powerless children need powerful friends

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Published on December 28, 2007

Author: Talya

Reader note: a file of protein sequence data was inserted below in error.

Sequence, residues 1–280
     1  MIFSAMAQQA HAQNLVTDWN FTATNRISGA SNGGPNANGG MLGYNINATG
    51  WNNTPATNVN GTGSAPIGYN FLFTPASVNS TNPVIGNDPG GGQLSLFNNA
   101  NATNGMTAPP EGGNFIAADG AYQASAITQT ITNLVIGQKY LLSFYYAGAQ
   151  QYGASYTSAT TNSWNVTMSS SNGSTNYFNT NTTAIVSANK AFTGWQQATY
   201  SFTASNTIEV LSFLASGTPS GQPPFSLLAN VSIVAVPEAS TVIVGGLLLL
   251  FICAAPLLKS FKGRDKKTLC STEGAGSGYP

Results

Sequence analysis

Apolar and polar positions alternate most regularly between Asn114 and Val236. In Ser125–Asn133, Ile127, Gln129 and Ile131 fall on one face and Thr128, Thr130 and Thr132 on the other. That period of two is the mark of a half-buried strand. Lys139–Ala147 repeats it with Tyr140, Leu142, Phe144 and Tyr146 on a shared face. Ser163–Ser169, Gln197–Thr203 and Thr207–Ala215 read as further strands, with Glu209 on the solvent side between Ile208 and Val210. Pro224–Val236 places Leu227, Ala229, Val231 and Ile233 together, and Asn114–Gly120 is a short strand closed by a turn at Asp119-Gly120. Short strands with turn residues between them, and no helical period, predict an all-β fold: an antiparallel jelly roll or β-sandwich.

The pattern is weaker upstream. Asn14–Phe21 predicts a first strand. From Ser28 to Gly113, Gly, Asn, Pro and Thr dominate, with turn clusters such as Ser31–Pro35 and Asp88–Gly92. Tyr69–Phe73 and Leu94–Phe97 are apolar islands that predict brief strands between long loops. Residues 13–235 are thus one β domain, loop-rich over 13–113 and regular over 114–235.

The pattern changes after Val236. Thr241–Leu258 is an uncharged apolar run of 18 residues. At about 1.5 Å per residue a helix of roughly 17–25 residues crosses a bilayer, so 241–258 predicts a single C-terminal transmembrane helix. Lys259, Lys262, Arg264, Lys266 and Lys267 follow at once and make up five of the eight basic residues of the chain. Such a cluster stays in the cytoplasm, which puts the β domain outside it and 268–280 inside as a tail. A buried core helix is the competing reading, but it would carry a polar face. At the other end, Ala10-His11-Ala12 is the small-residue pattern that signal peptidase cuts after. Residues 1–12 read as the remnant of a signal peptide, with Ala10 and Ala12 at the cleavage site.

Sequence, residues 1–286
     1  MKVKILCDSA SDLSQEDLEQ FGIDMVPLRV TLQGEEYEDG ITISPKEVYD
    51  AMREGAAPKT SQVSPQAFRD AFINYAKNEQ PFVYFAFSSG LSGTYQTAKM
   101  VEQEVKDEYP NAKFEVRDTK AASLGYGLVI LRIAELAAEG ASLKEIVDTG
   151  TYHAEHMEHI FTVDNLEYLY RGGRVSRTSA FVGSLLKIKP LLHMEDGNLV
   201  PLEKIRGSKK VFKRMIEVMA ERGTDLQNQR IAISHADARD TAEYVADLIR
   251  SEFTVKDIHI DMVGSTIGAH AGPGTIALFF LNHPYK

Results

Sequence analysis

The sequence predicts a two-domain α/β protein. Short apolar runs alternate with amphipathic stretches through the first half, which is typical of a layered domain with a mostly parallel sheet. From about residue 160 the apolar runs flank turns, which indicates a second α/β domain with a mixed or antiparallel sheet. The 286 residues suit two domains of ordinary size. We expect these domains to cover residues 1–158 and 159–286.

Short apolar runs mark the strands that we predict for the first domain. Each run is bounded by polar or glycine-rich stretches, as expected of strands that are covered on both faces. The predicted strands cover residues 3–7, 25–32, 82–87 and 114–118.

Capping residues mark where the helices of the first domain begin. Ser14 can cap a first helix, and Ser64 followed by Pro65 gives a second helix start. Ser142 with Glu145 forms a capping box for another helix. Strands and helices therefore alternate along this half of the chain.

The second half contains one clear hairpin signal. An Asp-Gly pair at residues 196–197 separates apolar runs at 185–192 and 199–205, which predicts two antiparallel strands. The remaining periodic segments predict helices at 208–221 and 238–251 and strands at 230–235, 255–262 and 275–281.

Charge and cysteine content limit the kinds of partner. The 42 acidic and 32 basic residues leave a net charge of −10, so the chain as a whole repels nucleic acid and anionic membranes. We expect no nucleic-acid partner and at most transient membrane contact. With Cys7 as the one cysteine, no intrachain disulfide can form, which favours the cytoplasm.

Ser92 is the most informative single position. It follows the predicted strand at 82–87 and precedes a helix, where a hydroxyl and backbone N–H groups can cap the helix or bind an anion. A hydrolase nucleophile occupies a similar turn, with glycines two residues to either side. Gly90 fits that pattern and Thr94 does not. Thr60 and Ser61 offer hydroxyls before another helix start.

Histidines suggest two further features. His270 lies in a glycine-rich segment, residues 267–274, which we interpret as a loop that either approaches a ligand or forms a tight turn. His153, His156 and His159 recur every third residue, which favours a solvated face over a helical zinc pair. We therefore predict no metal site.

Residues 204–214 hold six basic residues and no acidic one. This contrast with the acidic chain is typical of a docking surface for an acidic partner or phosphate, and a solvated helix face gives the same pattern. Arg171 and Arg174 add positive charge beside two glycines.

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Powerless Children Need Powerful Friends:  Powerless Children Need Powerful Friends RIDE Winter Leadership Conference February 9, 2007 Moving Early Education to the Top of the Policy Agenda (2000):  Moving Early Education to the Top of the Policy Agenda (2000) Our Youngest Children: Massachusetts Voters and Opinion Leaders Speak Out on Their Care and Education Two statewide voter polls (400 voters each) 48 opinion leader interviews: business, government, organized labor, media, religion, education and child care Our Youngest Children: Key Findings :  Our Youngest Children: Key Findings Voters and opinion leaders are more willing to support government funding for “early childhood education” rather than “child care” if it is: Child-focused; For ages three, four and five; and Identifiably connected to long-term educational benefits. Early Education for All Campaign Vision:  Early Education for All Campaign Vision To improve the well-being of Massachusetts children and families by ensuring that all children (0-14) have access to high quality early education and care, by first building on the identified strong public and political support to expand investments in high-quality early education for children ages three, four and five. Early Education for All Campaign Goals:  Early Education for All Campaign Goals Ensure that every preschool-aged child has access to a high-quality early childhood education delivered through the mixed system of public and private providers; Improve the training, education and compensation of the early childhood and school-age workforce; and Provide access to full school-day public kindergarten for all children. Early Education for All Campaign Strategies:  Early Education for All Campaign Strategies Engage influential “unlikely” allies. Build alignment among “likely” allies: - Develop state legislative policy proposal/s that are informed by families and the early education field. - Develop and mobilize statewide grassroots’ field team. Use research to inform policy proposal/s and messaging. Implement statewide media campaign. Develop independent advocacy organization. Who is Educating and Caring for Massachusetts Preschoolers?:  Who is Educating and Caring for Massachusetts Preschoolers? Source: Securing our Future, Future Trends, Massachusetts Department of Education, 2001 Early Education for All Campaign Guiding Principles:  Early Education for All Campaign Guiding Principles Early education in Massachusetts should be: Universally accessible for 3-, 4- and 5-year-olds with a vision to meet the needs of all children (0-14). Voluntary for participation by children, families and providers. Flexible enough to meet the diverse needs of children and families. Delivered through the existing mix of public and private programs (e.g., family child care, non-profit and for-profit centers, Head Start and public and private schools). Defined by a universal program standard that promotes healthy emotional, social, physical and cognitive outcomes for children. Designed and funded to recruit, train, and retain qualified staff. Built on current program and system strengths. Phased-in incrementally. Strategy: Engage unlikely allies. EEA Campaign Advisory Committee :  Strategy: Engage unlikely allies. EEA Campaign Advisory Committee Associated Early Care and Education Associated Industries of MA AvCar Group, Ltd. Barr Foundation Berkshire Chamber of Commerce Boston Children’s Museum Boston Foundation Boston TenPoint Coalition Bright Horizons Family Solutions, Inc. Cape Cod Chamber of Commerce Combined Jewish Philanthropies of Greater Boston Early Childhood Centers of Greater Springfield EMC Corporation Family Child Care Project Genzyme Genetics Grain Pro, Inc. Irene E. & George A. Davis Foundation MA AFL-CIO MA Association for the Education of Young Children MA Association of Day Care Agencies MA Association of School Superintendents MA Biotechnology Council MA Board of Higher Education MA Business Alliance for Education MA Business Roundtable MA Chapter, American Academy of Pediatrics MA Child Care Resource and Referral Agencies Network MA Education Initiative for Latino Students MA Elementary School Principals’ Association MA Federation of Teachers MA Head Start Association MA High Technology Council MA Teachers Association MassMutual Financial Group Middlesex Community College Parents Alliance for Catholic Education Schott Foundation for Public Education Springfield Day Nursery Staples, Inc. The O’Brien Group, Inc. UAW Local 2322 Verizon Communications, Inc. Wheelock College YMCAs of Massachusetts Strategy: Build alignment among “likely” allies. Develop state-wide grassroots field :  Strategy: Build alignment among “likely” allies. Develop state-wide grassroots field Strategy: Use research to inform policy proposal/s.:  Strategy: Use research to inform policy proposal/s. Produce: Fact Sheets, Policy Briefs and Research in Briefs Catalyze research: Workforce Study (Wellesley 2005) Higher Education Capacity Study (Wellesley 2005) Commission studies: Statewide Parent “Demand” Survey (2006) Cost of Universal, High-Quality Early Ed. in MA (2006) Progress to date::  Progress to date: Strong public support - EEA and related policy work have been the subject of 73 newspaper editorials – 73 positive and four negative. Strong voter support - Poll conducted in late 2003 showed extremely high support for Early Education for All across the spectrum of Massachusetts voters. Creation of first-in-the-nation Board and consolidated Department of Early Education and Care (FY05 Budget). Department and Board of Early Education and Care:  Department and Board of Early Education and Care Board of Early Education and Care (appointed by the Governor): Health and Human Services Secretary Judy Ann Bigby, who chairs the Board; Department of Education Commissioner David Driscoll; Board of Higher Education Chancellor Patricia Plummer; Ben Russell, a Boston Public School Kindergarten teacher; Parent, Mary Torrence; Linda Mason, chair and founder of Bright Horizons Family Solutions; Julie Culhane, director of Early Childhood Programs for the Hampshire Regional School District; and Department of Mental Health Commissioner Dr. Elizabeth Childs Business Community Representative (seat vacant) Commissioner – Ann Reale, (appointed by the Board) Progress to date::  Progress to date: Significant increase in public funding for high-quality early education through the state budget $20 million in FY06 $45 million in FY07 $4.6 million for pilot projects as part of the new Massachusetts Universal Pre-Kindergarten Program $3 Million for Early Educators Scholarship Program $2 million increase for full-day Kindergarten grants Increases in funding for early education and care subsidies, rates and Head Start Funding and mandates to develop core competencies and quality rating system Unanimous enactment by House and Senate of legislation (H.4755) creating the Massachusetts Universal Pre-K Program (2006) Produced Comprehensive Report on Cost of Universal, High-Quality Early Education in MA (October 2006) MA UPK Pilot – FY’07 Budget Line Item (3000-5075) July 2006 :  MA UPK Pilot – FY’07 Budget Line Item (3000-5075) July 2006 Pilot implementation grants to provide programs and services to children aged 2 yrs, 9 mos. through kindergarten eligibility. Through a mixed system. EEC shall, in consultation with SFC/EEA, estimate cost of funding a pre-school classroom that meets Program Standards and Guidelines. Grants shall be awarded by December BEEC meeting. Preference may be given to establishing classrooms in towns and cities with schools and districts at risk of or determined to be “under-performing.” EEC to report on implementation of grants by February 15, 2007 along with legislative recommendations for improvement. MA UPK Pilot –Progress (February 2007):  MA UPK Pilot –Progress (February 2007) Cost report completed – October 2006 MA UPK pilot process – Department of Early Education and Care RFI posted – November 3, 2006 RFI due – November 13, 2006 EEC Board votes on RFR criteria – January 9, 2007 RFR posted – January 16, 2007 RFR due – February 9, 2007 MA UPK Awards posted –March 16, 2007 RFR available at www.eec.state.ma.us EEC MA UPK Pilot Criteria:  EEC MA UPK Pilot Criteria Eligible programs must meet all of the following criteria at each site for which they are applying: Be serving or willing to serve EEC subsidized children. Be providing or directly connected to a provider of full-day, full-year care for working families. Be providing a minimum number of hours of a developmentally appropriate program, as evidenced by use of: Guidelines for Preschool Learning Experiences and Early Childhood Program Standards; and One of four EEC-approved assessment tools, for at least a year prior to grant award. Have access to a qualified professional to ensure appropriate administration of a developmentally appropriate program. Meet two out of three additional quality criteria: EEC Licensed or License-Exempt. NEAYC accreditation for group child care programs and CDA or NAFCC for family child care. Provider has bachelor’s degree (BA/BS in any subject, with specialized training in early education). What Do We Want to Learn From the UPK Pilot?:  What Do We Want to Learn From the UPK Pilot? How many programs apply and are eligible? What are the barriers? What works best relative to: (a) funding mechanism – grant, contract, voucher or hybrid; (b) program structure – hours per day, days per week, days per year; (c) geographic distribution? How are various types of programs blending UPK and other funding streams? Can we derive best practices for future use by programs? How are programs using the UPK funds they receive? Early Education for All Campaign Next Steps:  Early Education for All Campaign Next Steps Ensure early education is a priority for Governor Patrick. Secure passage of An Act Relative to Early Education and Care which establishes the MA Universal Pre-Kindergarten Program. Help ensure success of Department of EEC and pilot program. Advocate for expanded funding – beginning with $100 million in FY08 - to fulfill the promise of universal high-quality early education by 2012. Lessons learned (so far): :  Lessons learned (so far): Powerless children need powerful friends. Engage “likely” allies in policy formulation and political strategy. Develop “independent” organization to convene and sustain engagement of stakeholders. Use research to inform policy development and to raise public awareness. Don’t fight in public. Change is incremental. Pick the right legislative champions. Communicate constantly and carefully. Transparency is essential. Stay child-centered and keep your eye on the prize. Let’s Invest When It Makes the Most Difference:  Let’s Invest When It Makes the Most Difference Visit www.earlyeducationforall.org for more information.